Airbus Raises Expectations in Latest Forecast

AINonline
December 14, 2010, 9:32 AM

Airbus now projects that the airline industry will need almost 26,000 new passenger and freighter aircraft valued at $3.2 trillion between 2010 and 2029, according to the company’s most recent Global Market Forecast (GMF). Released this week, the latest GMF projects a demand for 900 more passenger aircraft–primarily in the single-aisle sector–than predicted in last year’s Airbus forecast, reflecting a slightly higher projected annual growth rate of 4.8 percent, compared with last year’s projection of 4.7 percent. The company now predicts a 20-year demand for almost 17,900 single-aisle aircraft worth some $1.274 trillion.

Airbus’s optimism stems from expectations for accelerated replacement of aircraft for newer, more eco-efficient models in mature markets; “dynamic” growth in new, emerging markets; the continuing rise of low-cost carriers, particularly in Asia; further market liberalization and capacity growth on existing routes.

Out of the almost 26,000 additional passenger and freighter aircraft needed, passenger aircraft will account for about 25,000, according to Airbus. Of the additional passenger equipment, 10,000 will replace older, less eco-efficient airplanes, while growth accounts for some 15,000. Taking into account today’s passenger fleet of more than 14,000 aircraft, the world passenger fleet will rise to some 29,000 aircraft by 2029, said Airbus.

“The recovery is stronger than predicted and reinforces both the resilience of the sector to downturns and that people want and need to fly,” said John Leahy, Airbus COO for customers. “The single aisle-sector is particularly strong, and our A320neo meets this future demand by providing our customers with the latest innovations and technologies whilst maintaining maximum commonality.”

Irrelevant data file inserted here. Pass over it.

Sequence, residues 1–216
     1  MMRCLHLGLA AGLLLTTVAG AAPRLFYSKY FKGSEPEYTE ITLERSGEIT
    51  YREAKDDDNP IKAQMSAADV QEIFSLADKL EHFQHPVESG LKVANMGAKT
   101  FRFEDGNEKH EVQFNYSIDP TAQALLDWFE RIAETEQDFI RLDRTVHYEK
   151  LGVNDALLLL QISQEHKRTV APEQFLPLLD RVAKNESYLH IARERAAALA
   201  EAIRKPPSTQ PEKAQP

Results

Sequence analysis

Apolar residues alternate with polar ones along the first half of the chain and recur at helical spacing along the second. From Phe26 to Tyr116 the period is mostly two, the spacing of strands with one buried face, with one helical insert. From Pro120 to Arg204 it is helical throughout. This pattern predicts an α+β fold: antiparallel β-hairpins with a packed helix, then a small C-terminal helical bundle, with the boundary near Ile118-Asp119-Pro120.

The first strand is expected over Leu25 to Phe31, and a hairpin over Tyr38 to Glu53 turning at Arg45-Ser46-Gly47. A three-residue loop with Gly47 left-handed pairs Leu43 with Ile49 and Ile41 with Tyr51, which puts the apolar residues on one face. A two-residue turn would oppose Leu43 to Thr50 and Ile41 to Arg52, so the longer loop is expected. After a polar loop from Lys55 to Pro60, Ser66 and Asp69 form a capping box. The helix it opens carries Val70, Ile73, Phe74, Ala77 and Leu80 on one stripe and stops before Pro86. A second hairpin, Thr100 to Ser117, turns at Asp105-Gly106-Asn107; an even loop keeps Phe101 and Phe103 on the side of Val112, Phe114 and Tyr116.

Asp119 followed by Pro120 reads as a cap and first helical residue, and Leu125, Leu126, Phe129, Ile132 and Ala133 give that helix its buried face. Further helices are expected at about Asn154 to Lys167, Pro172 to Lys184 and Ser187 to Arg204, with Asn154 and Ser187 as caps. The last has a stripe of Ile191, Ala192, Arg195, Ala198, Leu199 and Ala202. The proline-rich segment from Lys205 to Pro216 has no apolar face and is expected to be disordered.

In terms of passenger traffic volume, the domestic U.S. market still leads the world in share of total RPM’s (11.3 percent), followed by domestic China (8.4 percent), intra-European (7.2 percent), then U.S. to Western European routes (5.9 percent). Meanwhile, emerging economies continue to lead the recovery in terms of growth. At 9.2 percent, annual growth in domestic Indian traffic outpaces any other major market and ranks third fastest overall, after traffic between the Middle East and South America, and between North Africa and China. Seven out of the top 20 fastest growth flows connect China to the rest of the world, noted Airbus.

“Airlines in Asia Pacific including China and India will carry one third of the passenger traffic by 2029, making it the largest region, overtaking Europe [25 percent] and North America [20 percent],” said Chris Emerson, Airbus head of product strategy and market forecast.

Airbus asserts that average aircraft size is increasing as airlines endeavor to absorb traffic growth, minimize airport congestion, reduce costs and increase eco-efficiency. 

Airbus places demand for very large aircraft (VLAs), such as the A380, at more than 1,700 aircraft valued at more than $570 billion, representing 18 percent of total demand by value and 7 percent by number of units. Of those, some 1,320 will connect the world’s increasing number of “mega” cities, said Airbus.
In the twin-aisle aircraft segment (seating from 250 to 400 passengers), Airbus estimates that the world’s manufacturers will deliver some 6,240 new passenger and freighter aircraft valued at some $1.340 billion over the next 20 years. Of those, it reckons the small twin-aisle (250 to 300 seat) sector will account for 4,330 aircraft, while the intermediate twin-aisle category (350 to 400 seats) accounts for about 1,910. 

FILED UNDER: 
Share this...

Please Register

In order to leave comments you will now need to be a registered user. This change in policy is to protect our site from an increased number of spam comments. Additionally, in the near future you will be able to better manage your AIN subscriptions via this registration system. If you already have an account, click here to log in. Otherwise, click here to register.

 
X